Amnesty International said Washington was using the so-called war on terror to justify the use of lethal force against suspected terrorists.
Authorities at the United Nations in October said there were troubling trends emerging in counter-terrorism operations, where some conflicts know no borders.
U.S.-Pakistani relations soured in May 2011 when a team of U.S. Navy SEALs stormed a compound in Pakistan and killed al-Qaida leader Osama bin Laden. That raid raised legal questions as the countries aren't at war with each other.
In Yemen, a suspected CIA drone killed U.S.-born al-Qaida ideologue Anwar al-Awlaki last year as he traveled in a region of the country known to be sympathetic to al-Qaida.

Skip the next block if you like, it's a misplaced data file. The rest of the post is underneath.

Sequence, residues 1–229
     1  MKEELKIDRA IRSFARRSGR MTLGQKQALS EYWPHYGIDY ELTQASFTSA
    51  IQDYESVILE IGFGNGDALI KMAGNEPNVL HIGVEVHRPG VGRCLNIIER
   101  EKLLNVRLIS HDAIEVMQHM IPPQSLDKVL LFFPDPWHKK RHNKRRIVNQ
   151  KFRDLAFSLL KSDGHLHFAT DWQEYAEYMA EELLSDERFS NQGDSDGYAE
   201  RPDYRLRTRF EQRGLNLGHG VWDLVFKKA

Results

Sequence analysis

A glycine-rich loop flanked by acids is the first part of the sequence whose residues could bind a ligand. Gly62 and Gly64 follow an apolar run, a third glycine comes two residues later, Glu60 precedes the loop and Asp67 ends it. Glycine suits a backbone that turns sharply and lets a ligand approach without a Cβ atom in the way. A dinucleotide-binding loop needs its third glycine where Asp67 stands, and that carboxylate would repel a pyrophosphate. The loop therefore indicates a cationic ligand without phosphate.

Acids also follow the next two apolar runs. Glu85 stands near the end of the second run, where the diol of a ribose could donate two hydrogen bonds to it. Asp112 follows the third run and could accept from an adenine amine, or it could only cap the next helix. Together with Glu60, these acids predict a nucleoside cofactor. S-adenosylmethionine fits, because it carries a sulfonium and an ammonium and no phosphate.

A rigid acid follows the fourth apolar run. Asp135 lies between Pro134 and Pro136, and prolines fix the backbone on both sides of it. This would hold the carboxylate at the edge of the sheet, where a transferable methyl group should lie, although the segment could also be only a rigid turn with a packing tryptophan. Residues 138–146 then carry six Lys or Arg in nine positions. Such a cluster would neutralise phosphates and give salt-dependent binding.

Amnesty International said the justification weakens the credibility of the United States when it comes to pressing for human rights in other countries.
"There has also been widespread speculation that current U.S. policies and practices with respect to such killings may inadvertently be building support for the very armed groups and terror attacks that U.S. officials say provide its justification," Amnesty International said.
Washington uses policies enacted after the Sept. 11, 2001, attacks by al-Qaida to justify its policies against suspected terrorists.
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